• Kieran Fereday
  • Samuel Hills
  • jordan Smith
  • Mark Russell
  • Daniel J Cunningham
  • David Shearer
  • Melitta McNarry
  • Liam Kilduff
Objectives

To compare fixed epochs (FIXED) and rolling averages (ROLL) for quantifying worst-case scenario (‘peak’) running demands during professional soccer match-play, whilst assessing contextual influences.

Design

Descriptive, observational.

Methods

Twenty-five outfield players from an English Championship soccer club wore 10-Hz microelectromechanical systems during 28 matches. Relative total and high-speed (>5.5 m s−1) distances were averaged over fixed and rolling 60-s to 600-s epochs. Linear mixed models compared FIXED versus ROLL and assessed the influence of epoch length, playing position, starting status, match result, location, formation, and time-of-day.

Results

Irrespective of playing position or epoch duration, FIXED underestimated ROLL for total (∼7–10%) and high-speed (∼12–25%) distance. In ROLL, worst-case scenario relative total and high-speed distances reduced from 190.1 ± 20.4 m min−1 and 59.5 ± 23.0 m min−1 in the 60-s epoch, to 120.9 ± 13.1 m min−1 and 14.2 ± 6.5 m min−1 in the 600-s epoch, respectively. Worst-case scenario total distance was higher for midfielders (∼9−16 m min−1) and defenders (∼3–10 m min−1) compared with attackers. In general, starters experienced higher worst-case scenario total distance than substitutes (∼3.6–8.5 m min−1), but lower worst-case scenario high-speed running over 300-s (∼3 m min−1). Greater worst-case scenario total and high-speed distances were elicited during wins (∼7.3–11.2 m min−1 and ∼2.7–7.9 m min−1, respectively) and losses (∼2.7–5.7 m min−1 and ∼1.4–2.2 m min−1, respectively) versus draws, whilst time-of-day and playing formation influenced worst-case scenario high-speed distances only.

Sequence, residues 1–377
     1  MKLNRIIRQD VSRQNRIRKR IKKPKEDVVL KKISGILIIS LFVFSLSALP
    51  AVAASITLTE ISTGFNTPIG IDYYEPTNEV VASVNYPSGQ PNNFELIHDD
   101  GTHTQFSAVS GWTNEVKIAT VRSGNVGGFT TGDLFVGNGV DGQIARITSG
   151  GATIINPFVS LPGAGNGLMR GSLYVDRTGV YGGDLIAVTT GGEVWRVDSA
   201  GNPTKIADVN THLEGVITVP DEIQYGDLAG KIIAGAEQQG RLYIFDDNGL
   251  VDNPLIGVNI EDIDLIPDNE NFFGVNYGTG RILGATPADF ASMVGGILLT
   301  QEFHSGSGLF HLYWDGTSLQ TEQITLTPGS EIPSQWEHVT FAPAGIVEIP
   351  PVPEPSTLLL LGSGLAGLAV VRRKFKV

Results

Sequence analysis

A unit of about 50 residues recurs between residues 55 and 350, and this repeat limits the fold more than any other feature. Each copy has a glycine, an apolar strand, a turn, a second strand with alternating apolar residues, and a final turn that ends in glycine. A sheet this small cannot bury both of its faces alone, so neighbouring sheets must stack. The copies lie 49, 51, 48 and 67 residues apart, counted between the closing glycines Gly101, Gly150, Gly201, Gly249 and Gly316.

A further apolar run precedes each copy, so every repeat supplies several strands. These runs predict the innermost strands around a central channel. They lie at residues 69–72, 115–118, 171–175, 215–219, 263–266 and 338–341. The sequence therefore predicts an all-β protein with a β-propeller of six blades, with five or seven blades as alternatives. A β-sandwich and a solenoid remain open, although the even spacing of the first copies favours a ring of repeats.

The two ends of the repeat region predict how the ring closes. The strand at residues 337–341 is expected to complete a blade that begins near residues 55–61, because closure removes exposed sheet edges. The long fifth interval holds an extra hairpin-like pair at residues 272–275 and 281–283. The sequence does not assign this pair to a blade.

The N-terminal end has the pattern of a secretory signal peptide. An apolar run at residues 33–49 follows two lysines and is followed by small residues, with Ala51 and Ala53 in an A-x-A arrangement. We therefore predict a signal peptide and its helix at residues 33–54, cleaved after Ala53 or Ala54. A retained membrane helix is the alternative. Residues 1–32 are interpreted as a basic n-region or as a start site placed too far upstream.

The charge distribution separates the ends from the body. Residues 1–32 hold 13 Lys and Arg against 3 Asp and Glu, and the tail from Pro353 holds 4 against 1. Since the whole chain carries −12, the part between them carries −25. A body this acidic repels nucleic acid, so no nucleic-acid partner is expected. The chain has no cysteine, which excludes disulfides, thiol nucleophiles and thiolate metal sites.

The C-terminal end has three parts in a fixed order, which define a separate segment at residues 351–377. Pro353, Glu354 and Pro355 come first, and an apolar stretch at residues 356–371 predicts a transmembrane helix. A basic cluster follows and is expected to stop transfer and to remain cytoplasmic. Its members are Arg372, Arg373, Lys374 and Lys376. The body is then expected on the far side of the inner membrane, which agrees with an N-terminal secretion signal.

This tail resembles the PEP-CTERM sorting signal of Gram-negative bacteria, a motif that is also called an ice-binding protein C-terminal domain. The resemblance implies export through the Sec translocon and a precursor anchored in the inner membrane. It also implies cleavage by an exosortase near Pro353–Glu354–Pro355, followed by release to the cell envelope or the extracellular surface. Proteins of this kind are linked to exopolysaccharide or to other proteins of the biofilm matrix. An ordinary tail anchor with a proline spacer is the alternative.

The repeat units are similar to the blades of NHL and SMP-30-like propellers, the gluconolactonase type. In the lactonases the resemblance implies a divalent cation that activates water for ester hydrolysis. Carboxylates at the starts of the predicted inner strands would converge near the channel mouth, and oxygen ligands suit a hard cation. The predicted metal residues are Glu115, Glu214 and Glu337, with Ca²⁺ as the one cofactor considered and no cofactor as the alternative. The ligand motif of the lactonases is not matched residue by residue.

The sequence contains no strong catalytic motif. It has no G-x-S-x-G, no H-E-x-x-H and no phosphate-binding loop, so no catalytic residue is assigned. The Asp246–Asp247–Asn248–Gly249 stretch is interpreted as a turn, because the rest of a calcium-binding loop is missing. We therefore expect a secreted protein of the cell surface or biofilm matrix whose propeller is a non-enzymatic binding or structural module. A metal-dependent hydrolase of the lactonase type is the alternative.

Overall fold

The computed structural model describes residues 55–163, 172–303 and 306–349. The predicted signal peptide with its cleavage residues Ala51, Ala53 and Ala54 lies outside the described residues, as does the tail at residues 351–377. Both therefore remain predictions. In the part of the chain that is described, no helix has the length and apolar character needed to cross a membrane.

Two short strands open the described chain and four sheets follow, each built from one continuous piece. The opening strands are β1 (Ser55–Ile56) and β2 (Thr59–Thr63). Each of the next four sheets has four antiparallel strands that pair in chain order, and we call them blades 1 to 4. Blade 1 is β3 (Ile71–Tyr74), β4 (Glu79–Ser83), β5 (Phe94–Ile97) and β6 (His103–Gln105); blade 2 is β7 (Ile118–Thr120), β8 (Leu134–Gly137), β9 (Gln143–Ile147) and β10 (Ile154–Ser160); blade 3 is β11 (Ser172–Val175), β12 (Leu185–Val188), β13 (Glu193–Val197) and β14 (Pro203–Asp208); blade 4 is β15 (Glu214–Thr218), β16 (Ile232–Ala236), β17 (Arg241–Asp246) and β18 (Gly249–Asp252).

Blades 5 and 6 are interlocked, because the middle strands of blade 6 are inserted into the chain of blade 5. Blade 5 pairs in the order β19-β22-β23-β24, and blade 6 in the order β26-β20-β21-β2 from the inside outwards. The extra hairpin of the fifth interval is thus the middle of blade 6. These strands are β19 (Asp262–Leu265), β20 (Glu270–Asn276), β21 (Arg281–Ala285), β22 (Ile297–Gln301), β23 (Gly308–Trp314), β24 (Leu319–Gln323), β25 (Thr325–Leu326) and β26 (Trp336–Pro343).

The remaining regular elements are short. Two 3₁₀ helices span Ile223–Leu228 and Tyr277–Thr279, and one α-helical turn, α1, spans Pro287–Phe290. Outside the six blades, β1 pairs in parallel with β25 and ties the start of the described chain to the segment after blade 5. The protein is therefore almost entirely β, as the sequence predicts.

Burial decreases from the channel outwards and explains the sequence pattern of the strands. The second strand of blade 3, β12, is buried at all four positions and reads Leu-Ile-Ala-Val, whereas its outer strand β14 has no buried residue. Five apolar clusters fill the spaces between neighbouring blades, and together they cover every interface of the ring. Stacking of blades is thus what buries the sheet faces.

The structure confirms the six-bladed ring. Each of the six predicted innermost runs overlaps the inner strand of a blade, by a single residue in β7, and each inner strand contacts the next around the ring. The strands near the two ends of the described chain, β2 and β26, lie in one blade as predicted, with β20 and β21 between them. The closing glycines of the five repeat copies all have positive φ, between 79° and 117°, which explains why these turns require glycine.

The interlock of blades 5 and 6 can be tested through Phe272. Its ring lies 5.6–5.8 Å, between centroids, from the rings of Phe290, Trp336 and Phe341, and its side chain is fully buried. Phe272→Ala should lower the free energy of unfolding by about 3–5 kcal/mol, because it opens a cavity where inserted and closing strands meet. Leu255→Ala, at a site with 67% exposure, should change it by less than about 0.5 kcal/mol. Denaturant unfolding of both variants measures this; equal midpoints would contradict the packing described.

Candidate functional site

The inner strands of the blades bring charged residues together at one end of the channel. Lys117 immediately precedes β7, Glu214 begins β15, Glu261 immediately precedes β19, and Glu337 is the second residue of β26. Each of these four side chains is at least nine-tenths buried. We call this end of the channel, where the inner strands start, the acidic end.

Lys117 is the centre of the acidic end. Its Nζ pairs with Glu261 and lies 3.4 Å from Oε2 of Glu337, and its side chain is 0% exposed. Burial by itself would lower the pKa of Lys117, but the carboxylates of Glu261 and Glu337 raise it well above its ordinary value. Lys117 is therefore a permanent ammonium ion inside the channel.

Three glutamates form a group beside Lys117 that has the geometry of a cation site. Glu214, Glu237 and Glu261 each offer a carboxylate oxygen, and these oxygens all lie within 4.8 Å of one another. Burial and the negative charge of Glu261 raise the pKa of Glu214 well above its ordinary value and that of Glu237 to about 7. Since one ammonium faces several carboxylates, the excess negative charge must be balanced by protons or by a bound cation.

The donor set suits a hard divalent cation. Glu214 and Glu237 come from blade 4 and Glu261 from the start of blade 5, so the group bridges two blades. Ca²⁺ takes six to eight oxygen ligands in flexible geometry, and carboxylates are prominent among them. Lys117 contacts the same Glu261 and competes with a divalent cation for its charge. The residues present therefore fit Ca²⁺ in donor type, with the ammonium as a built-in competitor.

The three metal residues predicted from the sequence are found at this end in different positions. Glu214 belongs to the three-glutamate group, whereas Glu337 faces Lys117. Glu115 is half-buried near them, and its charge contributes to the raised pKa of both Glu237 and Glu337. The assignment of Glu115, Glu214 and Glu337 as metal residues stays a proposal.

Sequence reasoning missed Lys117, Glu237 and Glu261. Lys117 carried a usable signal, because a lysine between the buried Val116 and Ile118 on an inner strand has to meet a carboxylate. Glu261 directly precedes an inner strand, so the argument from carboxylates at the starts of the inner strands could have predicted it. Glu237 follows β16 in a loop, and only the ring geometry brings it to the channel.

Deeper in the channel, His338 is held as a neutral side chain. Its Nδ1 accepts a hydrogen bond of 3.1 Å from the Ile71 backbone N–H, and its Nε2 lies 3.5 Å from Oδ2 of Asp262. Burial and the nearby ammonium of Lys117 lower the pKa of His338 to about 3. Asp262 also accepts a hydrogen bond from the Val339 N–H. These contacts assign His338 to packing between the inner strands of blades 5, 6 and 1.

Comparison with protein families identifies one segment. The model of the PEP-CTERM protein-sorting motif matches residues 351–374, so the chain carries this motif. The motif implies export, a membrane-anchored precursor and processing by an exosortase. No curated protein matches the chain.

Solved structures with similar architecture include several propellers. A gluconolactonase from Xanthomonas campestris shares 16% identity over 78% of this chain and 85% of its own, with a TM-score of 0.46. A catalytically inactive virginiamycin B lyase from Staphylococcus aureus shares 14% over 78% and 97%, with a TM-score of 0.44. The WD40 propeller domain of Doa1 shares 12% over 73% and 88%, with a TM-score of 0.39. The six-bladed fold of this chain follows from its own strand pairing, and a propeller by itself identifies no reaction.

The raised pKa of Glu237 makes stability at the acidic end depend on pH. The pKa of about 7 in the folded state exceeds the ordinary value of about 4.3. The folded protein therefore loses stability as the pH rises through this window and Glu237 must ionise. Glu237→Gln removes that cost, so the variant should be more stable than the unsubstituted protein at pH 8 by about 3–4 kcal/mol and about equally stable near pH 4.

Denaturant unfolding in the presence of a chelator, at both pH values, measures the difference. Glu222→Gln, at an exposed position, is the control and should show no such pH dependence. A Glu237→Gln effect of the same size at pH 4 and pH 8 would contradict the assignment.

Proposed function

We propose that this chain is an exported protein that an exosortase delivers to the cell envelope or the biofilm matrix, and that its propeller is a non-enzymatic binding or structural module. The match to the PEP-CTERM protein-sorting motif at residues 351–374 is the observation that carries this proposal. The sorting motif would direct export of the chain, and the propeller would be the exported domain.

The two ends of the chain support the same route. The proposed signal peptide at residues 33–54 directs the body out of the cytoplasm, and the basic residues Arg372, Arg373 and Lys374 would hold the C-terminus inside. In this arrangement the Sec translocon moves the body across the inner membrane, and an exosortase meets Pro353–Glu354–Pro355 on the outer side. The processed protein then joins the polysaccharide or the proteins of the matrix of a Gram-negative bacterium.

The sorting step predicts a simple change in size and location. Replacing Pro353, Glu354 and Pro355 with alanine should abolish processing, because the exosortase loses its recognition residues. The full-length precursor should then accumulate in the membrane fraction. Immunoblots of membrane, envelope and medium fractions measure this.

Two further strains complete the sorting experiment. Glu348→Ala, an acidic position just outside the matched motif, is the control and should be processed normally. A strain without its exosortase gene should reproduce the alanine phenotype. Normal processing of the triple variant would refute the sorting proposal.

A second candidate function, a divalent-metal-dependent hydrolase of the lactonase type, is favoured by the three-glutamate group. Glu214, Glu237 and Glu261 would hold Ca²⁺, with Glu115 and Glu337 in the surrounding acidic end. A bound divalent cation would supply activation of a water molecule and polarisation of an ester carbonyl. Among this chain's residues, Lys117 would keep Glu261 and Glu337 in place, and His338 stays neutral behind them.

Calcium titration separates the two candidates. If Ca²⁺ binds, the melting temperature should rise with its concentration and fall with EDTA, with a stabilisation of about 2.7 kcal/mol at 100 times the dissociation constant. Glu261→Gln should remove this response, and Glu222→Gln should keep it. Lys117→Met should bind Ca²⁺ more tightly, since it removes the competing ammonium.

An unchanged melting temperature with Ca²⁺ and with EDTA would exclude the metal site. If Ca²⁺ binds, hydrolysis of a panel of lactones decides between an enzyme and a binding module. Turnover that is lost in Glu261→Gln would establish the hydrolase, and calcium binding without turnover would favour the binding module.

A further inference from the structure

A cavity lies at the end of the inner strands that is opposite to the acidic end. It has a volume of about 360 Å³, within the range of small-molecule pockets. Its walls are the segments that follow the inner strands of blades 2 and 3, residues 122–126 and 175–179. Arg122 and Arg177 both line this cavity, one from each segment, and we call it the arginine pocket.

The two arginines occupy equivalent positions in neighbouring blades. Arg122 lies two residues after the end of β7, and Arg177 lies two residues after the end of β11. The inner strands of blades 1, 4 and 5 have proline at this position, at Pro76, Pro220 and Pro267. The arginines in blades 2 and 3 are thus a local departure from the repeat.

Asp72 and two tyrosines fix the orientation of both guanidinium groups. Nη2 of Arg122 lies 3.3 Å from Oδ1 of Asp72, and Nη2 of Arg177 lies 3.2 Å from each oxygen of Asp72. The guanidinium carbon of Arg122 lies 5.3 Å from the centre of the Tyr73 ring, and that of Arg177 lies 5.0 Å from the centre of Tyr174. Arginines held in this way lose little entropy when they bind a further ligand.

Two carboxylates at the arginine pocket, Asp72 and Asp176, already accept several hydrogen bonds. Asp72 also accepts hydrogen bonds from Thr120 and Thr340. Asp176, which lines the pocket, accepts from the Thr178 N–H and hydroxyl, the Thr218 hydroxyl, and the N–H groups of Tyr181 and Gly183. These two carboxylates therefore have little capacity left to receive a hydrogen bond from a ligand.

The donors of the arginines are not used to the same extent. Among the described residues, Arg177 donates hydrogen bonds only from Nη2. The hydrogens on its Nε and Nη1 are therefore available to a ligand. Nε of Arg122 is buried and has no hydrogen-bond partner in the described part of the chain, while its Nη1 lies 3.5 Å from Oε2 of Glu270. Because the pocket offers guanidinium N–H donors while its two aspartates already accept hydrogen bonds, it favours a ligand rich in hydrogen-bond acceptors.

Conclusions

These data indicate an underestimation of worst-case scenario running demands in FIXED versus ROLL over 60-s to 600-s epochs while highlighting situational influences. Such information facilitates training specificity by enabling sessions to be targeted at the most demanding periods of competition.

Original languageEnglish
Number of pages6
JournalJournal of Science and Medicine in Sports
Early online date9 Jan 2020
DOIs
StateE-pub ahead of print - 9 Jan 2020

    Research areas

  • Football, Physiology, Monitoring, Fatigue, Activity profiles, Running

ID: 3618819